The Birks of Aberfeldie

In this glorious spell of spring weather, I have enjoyed some lovely walks in the heart of L’Écosse Profonde, round Loch Leven, “the three bridges” in Callander, and the Birks of Aberfedly, in deepest Breadalbane.  I hadn’t been to the Birks before.  It is a steepish woodland walk for a mile or two to the head of a gorge, where you cross a footbridge over a vertiginous waterfall, somewhat reminiscent of the cascading waters of Corrieshalloch Gorge up near Ullapool. 

How fearful,

And dizzy ‘tis to cast one’s eyes so low!

…I’ll look no more,

Lest my brain turn and the deficient sight

Topple down headlong.

(King Lear, Act 4, Scene 5)

Having crossed the bridge, you come down the other side of the river by a further series of waterfalls, back to the starting point.  It turns out that Robert Burns visited here on August 30th, 1787.  “I composed these stanzas standing under the falls of Aberfeldy, at, or near, Moness.”  I daresay The Birks of Aberfeldie is not the bard’s most profound utterance, though I would not go so far as to say that, like an actor treading the boards on automatic pilot, he “phoned one in”. 

The little birdies blithely sing,

While o’er their heads the hazels hing,

Or lightly flit on wanton wing

In the birks of Aberfeldie!

Burns writes in Scots, of course.  I was filling in my census form the other day – a strange questionnaire, all about my gender, my sexual orientation, and would I be able to start a job next week?  Well I suppose I would, if I absolutely had to, but if you take such questions too literally you just tie yourself in knots.  So I said no.  Then, did I understand Scots?  Did I read Scots?  Did I speak Scots?  Well, as we say in West Stirlingshire, Whiles.    

Well noo, ye ken, hen, ah hae nae doot that t’wud be rang o me tae spurn ma mither tongue’n aver a cannae jalouse whit Rabbie’s oan aboot, an’ wudnae pit pen tae paper anent ony matter ye wannae quibble ower, usin’ whit ye may caw’ a stairheid patois juz’ becuz them posh loons’n Auld Reekie cannae or wullnae cott’n oan tae whit ah’m sayin’.

Ken, Jimmy.

Professors of linguistics often hold the liberal view that there is nothing intrinsically inferior about such a mode of speech, just as there is nothing intrinsically superior about, say,  BBC Received Pronunciation.  Languages are democracies.  But is that true?  The professor of linguistics may be a great mimic and may adopt any brogue, and ham it up, but the prof is still likely to deliver his lecture, by and large, using a “higher register”.  When I were a lad, it was quite common for youngsters from a working class background to be sent to elocution lessons.  Their parents reckoned, no doubt quite rightly, that they would get ahead in life if they were able to “talk proper like”.  Gaelic-speaking parents very commonly and quite deliberately didn’t speak Gaelic in the home, because they felt their children would be held back if they conversed in the peasant language of the illiterate.  This was undoubtedly a misguided view.  The advantages of multilingualism are clear. Middle class parents now compete to send their children to Gaelic-medium schools.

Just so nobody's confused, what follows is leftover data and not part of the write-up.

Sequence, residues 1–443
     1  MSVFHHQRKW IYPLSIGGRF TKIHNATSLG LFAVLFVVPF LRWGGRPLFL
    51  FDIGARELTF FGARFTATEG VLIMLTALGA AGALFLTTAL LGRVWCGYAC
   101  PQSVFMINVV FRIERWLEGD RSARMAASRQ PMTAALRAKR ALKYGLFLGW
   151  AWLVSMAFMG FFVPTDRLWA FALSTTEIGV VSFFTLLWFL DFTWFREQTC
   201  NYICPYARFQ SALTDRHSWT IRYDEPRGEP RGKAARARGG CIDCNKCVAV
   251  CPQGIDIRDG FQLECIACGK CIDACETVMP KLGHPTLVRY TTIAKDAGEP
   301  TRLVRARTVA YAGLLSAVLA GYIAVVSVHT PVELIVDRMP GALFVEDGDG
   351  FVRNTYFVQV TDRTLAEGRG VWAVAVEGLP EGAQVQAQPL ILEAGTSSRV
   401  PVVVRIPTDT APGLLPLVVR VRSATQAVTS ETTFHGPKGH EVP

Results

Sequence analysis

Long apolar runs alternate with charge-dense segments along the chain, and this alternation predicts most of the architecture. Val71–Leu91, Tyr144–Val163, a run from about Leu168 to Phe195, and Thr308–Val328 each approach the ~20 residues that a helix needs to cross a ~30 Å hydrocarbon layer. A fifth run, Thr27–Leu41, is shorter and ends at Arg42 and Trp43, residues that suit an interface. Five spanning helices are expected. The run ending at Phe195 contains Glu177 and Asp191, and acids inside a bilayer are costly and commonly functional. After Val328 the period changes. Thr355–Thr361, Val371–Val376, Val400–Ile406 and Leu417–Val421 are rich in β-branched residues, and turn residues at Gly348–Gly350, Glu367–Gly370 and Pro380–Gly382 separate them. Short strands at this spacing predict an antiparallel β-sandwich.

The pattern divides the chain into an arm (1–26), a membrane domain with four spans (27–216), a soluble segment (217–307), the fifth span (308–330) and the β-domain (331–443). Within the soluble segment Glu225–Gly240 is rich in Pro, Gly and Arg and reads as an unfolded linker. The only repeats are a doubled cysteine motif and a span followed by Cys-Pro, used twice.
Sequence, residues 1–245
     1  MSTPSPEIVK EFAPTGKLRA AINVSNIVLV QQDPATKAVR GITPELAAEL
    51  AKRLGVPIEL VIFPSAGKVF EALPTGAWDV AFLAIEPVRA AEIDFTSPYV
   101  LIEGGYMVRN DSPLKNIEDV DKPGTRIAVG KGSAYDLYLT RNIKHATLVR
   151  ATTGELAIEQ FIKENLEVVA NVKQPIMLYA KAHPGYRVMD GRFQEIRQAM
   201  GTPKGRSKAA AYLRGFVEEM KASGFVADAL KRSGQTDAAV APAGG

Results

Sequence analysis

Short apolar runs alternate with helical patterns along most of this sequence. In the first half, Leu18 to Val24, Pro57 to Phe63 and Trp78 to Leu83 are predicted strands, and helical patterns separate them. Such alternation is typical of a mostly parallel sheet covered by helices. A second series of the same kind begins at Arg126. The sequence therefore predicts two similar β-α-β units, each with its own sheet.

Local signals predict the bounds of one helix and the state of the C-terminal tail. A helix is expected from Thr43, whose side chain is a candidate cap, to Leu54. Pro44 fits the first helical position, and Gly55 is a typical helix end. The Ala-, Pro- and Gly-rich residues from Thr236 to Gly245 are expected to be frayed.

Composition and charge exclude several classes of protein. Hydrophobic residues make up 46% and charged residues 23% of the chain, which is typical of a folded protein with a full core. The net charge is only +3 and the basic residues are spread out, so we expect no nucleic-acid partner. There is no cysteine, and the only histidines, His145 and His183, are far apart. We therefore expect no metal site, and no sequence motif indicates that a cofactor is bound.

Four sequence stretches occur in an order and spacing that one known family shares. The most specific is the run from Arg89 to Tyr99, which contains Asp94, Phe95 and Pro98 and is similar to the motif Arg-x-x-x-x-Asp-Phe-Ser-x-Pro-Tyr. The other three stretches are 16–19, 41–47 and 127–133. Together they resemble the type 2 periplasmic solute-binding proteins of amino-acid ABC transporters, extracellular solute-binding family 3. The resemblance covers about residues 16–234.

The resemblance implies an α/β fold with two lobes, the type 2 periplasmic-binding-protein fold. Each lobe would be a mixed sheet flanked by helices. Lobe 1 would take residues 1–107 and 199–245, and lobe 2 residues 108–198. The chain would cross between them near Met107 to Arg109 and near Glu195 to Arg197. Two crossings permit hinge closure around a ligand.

I find myself slipping into Scots all the time.  I think I must relish a perverse, contrarian delight in talking rough in the gracious drawing-rooms of Edinburgh New Town.  Then people give me sidelong glances, dubious as to whether I should have been invited in, after all.  One very useful aspect of having a low-caste, preferably urban, heavily industrialised lingo at one’s disposal, is that one can utilise it in the detection of humbug.  If a member of the establishment, a political Big Beast, elder statesman and Grandee, spouts something on the airwaves that you suspect might be a load of tosh, albeit delivered in the mellifluous tones of one born to lead, it can be useful to translate the statement into the local dialect, to see if it stands up.  I call this the SPT or Stairheid Patois Test.  It could as easily be done in some variation of Cockney, or Scouse, or Geordie.  But when somebody pompous comes on Private Passions and, unaware they are talking in cliché, says something like, “I cannot live without Schubert, Michael.  Sublime, pellucid limpidity…” I translate it into Glaswegian.  Then it sounds ridiculous. 

But then again, Glaswegian can be extremely expressive, and concise.  Remember the motto of NATO:

Hit wan, ye hit uz aw’. 

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